1. We do initiatives to help them with life skills and development. As I mentioned before, many of the men have good energy and are eager to work, but they lack the necessary skills to be of much benefit to a European context. In most cases, that is no fault of their own. It may be their parents had no more money to send them to school, or there were no education programs where they lived. So, full of energy and nothing good to do with it, they left. We are striving to put together initiatives which help them understand the safety measures, industrial theory, and working environments of Italia which are quite different from their various homelands and often different from other European nations.
  2. We do initiatives to build relationships for the gospel. The initiatives are the platforms for Christian love, and this is how the gospel works in every sphere of life. Often, gospel proclamation flows quite naturally from Gospel service. The men ask us all kinds of spiritual questions after they’ve seen our intentionality to serve and help them. In fact, the staff of the Catholic association running one of the camps in a Roman convent have begun to ask us for spiritual counsel and answers. We do everything for free, from a fountain of grace, and that provokes questions.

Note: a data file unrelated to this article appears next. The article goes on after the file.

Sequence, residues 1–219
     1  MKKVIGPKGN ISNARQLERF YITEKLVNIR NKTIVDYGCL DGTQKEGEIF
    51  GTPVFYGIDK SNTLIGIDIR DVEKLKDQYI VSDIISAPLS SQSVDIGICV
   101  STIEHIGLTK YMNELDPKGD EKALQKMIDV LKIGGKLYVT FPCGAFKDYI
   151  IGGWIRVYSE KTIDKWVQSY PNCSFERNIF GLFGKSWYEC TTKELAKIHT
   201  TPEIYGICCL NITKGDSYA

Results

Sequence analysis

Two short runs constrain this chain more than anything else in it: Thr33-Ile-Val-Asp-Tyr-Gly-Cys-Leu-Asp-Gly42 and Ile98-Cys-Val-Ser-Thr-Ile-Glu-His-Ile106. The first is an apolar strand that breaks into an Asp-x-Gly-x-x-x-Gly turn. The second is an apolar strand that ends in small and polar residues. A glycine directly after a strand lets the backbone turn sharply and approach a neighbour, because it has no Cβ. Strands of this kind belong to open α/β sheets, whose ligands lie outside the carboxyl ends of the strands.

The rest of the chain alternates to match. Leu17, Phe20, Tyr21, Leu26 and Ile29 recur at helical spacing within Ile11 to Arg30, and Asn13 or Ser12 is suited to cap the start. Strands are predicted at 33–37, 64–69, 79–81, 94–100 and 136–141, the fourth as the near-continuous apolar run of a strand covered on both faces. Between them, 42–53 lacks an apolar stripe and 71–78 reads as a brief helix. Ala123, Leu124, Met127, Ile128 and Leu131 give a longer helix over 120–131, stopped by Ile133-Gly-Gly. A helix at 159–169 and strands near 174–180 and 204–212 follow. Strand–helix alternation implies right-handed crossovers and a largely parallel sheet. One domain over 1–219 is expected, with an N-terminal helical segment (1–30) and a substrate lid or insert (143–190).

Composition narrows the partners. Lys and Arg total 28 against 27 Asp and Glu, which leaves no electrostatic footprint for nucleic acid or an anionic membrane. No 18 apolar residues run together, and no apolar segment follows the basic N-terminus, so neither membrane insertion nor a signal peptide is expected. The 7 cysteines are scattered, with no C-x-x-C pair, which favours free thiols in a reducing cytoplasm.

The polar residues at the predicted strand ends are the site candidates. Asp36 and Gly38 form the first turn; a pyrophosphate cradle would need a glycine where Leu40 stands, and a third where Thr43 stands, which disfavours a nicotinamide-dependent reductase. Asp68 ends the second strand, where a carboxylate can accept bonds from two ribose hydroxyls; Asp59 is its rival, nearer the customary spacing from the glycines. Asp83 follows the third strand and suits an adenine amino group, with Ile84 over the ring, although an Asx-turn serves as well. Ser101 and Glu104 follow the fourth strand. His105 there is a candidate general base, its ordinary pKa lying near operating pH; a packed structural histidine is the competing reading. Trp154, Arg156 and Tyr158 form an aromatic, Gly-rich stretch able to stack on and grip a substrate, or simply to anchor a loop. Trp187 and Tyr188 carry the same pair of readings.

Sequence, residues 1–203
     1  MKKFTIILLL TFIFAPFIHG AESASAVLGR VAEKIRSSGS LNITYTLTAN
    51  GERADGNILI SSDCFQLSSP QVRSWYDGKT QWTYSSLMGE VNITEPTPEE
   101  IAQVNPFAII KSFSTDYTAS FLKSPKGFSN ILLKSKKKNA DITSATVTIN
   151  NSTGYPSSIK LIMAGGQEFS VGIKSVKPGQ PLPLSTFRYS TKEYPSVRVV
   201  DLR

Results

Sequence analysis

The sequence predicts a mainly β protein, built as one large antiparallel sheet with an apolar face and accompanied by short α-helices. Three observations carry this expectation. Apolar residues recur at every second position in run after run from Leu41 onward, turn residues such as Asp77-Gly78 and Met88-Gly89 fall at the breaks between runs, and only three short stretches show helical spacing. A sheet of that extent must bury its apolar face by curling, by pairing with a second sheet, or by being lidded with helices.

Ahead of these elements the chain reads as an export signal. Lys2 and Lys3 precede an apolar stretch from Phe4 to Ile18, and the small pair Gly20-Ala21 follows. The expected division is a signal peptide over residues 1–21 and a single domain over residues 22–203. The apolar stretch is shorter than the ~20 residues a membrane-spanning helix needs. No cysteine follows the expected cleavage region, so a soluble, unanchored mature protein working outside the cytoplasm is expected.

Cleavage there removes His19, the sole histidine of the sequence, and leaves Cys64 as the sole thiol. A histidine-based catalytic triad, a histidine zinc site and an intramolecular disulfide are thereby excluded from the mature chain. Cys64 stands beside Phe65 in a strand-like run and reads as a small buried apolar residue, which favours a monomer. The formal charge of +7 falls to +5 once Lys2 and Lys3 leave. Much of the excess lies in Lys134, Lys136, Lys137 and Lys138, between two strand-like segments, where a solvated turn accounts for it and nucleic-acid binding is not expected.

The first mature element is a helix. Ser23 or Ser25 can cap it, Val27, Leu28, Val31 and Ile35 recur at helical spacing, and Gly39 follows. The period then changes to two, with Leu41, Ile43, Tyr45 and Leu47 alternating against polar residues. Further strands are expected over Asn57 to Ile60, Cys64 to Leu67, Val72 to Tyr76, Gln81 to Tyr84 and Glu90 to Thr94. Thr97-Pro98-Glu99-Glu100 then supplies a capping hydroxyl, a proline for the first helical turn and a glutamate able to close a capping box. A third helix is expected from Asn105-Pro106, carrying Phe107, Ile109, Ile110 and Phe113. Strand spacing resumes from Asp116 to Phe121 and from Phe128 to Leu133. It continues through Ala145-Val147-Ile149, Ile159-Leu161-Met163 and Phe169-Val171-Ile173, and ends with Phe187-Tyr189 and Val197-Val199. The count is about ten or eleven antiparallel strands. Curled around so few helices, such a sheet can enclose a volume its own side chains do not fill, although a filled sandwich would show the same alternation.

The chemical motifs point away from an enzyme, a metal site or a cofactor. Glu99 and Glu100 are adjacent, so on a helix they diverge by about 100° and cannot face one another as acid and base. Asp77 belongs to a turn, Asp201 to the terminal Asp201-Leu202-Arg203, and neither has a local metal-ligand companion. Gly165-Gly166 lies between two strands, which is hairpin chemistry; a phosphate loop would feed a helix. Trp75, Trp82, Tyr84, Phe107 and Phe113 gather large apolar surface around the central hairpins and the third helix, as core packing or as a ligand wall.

3. We do initiatives to welcome God into Italia. I know this sounds a bit strange, but hear me out. Jesus brought a small child into his band of disciples to teach them. The disciples had been having one of their favorite arguments and playing one more round of “Who is the Greatest?” It seems they really liked that game. Bringing the child up into his arms as an object lesson, Jesus said (paraphrasing Mark 9:33-37), “The greatest will be found with the smallest, the least of all. Receive someone like this (no status) in my name, and you will be receiving me. Now, if you receive me, you will also receive the one who sent me — and that’s the greatest!” God is found among the struggling and hurting more than the wealthy and self-satisfied. We do initiatives because those initiatives draw us into the place where the Father loves to show up and distribute grace. The struggle is worth it because our King is worth it.